Sticky Notes of Thoughts

…because some thoughts are worth remembering

On How To Play To Your Strengths: Beyond “Developing a Strong Forehand”


Results of research in positive psychology have made it into business magazine articles and self-help books. I’ve used Strengthsfinder series to get my staff introduced to the idea that it may be more advantageous to think about how you can apply your strengths than dwelling on their weaknesses. I had everyone take the Strengths finder test, and discussed the results both individually and as a team. When you are externally told that something is a strength, and is given a name for that particular strength, it is indeed easier to hone it further, and because it is easier, you are more likely to commit to the improvement process. It had some other benefits I didn’t expect. There were some staff that didn’t seem to have much in common. When they discovered they had some strength factors in common, it helped them to understand each other better.

When I started this exercise, a staff member who was an avid tennis player, offered the analogy: “So, what you are saying is we should keep developing our strong forehand, instead of working on our backhand strokes.” She went onto explain that there are professional players whose forehand strokes are so strong and good that this skill makes up for their relatively mediocre backhand. This analogy helped other staff buy into the concept.

What they didn’t grasp was what they needed to change in order to embrace it. When I asked some staff what should you work on if you have a strong forehand? Most of them answered, “Work on the forehand.”

I challenged them to think beyond practicing the forehand: what would you do in a situation where either a forehand or a backhand stroke could work? They understand that they should use the forehand, because it’s the stronger skill, but what they didn’t immediately get, was that your practice should then focus on creating situations where you would be able to use forehand more often, and not just work on the forehand strokes themselves. That might mean that you work on certain leg muscles and other techniques to be able to span the width of the court more quickly so you can increase the number of situations where you can use the forehand even if the ball were headed on your side where you would normally have to use the backhand, or perhaps it means that you want to work on teaming up with someone who has a strong backhand.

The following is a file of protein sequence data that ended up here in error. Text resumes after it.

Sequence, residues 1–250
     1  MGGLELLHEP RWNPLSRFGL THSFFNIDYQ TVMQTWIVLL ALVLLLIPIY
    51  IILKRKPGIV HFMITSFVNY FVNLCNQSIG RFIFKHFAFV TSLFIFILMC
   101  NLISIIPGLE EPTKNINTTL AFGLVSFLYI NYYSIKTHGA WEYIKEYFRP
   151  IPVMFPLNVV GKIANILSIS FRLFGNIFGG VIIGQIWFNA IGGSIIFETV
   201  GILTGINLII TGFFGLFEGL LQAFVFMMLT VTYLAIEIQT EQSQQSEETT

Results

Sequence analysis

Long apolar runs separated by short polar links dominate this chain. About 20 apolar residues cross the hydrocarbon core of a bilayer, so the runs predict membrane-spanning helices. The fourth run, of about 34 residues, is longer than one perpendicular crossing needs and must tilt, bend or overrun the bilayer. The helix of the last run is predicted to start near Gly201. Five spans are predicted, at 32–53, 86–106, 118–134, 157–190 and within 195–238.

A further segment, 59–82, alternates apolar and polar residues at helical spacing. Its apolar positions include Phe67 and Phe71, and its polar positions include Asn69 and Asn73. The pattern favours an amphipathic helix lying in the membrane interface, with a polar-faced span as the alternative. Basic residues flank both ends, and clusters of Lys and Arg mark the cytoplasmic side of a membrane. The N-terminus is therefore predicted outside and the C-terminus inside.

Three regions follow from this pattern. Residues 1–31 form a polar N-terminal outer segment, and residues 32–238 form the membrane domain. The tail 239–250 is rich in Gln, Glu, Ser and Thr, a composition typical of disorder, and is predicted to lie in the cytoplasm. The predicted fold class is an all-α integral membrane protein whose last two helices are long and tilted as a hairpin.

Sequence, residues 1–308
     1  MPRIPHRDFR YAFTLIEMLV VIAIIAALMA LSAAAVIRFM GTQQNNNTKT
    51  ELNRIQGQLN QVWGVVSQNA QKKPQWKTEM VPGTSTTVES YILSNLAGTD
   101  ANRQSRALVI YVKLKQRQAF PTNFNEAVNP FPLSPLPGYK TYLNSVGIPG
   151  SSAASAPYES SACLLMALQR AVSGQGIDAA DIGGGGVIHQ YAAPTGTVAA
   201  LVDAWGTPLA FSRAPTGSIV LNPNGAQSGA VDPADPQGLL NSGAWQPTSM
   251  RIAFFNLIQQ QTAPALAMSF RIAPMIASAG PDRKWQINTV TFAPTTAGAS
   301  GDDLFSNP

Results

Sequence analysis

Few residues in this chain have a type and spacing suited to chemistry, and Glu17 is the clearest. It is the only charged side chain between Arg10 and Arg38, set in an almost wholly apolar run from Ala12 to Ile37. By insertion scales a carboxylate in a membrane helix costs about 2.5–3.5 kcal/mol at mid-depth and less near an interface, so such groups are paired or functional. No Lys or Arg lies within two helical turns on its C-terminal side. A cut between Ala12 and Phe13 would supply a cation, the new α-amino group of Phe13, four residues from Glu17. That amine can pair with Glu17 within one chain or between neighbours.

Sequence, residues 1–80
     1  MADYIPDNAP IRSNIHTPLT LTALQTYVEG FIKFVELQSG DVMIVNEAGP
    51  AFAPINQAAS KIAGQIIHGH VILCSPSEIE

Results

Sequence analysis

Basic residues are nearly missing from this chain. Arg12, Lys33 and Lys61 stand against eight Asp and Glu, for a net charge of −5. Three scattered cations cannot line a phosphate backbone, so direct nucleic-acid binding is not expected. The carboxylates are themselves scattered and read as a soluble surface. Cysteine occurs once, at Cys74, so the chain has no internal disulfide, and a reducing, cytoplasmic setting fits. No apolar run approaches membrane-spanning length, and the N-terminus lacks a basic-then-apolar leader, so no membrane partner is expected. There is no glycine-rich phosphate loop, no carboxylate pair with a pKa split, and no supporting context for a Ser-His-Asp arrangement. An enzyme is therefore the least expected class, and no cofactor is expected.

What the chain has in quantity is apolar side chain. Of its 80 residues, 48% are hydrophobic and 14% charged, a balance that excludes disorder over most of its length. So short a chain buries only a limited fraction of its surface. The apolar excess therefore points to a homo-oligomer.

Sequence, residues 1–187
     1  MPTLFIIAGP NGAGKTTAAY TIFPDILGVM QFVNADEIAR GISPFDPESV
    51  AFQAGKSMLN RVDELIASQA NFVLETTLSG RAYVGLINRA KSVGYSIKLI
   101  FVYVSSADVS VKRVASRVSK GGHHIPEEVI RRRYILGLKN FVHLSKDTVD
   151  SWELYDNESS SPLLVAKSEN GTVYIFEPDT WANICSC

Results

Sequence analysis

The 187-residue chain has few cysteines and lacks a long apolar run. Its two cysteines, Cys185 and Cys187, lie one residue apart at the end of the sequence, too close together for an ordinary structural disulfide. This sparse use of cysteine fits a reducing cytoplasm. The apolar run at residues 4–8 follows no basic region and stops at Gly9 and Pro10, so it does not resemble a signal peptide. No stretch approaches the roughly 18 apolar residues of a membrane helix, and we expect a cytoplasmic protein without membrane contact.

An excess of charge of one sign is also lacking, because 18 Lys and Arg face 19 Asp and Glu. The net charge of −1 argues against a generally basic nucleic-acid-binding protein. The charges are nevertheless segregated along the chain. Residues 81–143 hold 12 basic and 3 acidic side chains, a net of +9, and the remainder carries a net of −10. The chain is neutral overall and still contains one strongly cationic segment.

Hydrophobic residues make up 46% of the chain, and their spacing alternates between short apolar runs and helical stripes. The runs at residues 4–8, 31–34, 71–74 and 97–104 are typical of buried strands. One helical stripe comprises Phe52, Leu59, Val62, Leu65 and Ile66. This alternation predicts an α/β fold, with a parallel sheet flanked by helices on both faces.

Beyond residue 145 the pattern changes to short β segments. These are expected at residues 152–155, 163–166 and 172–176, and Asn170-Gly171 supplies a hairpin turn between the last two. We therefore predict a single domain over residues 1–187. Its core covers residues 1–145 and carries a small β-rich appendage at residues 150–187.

To maximize our success, we need to be able to maximize our ability to be able to use our strengths. Identifying one’s strengths is a good first step. We mustn’t waste it by only working directly on the strengths alone but taking the time to figure out what related skills and activities will allow us to create more situations where our strengths can be in play.

Photo: Botanical Garden, Cambridge, UK


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This entry was posted on May 10, 2015 by in Management and tagged , , , .
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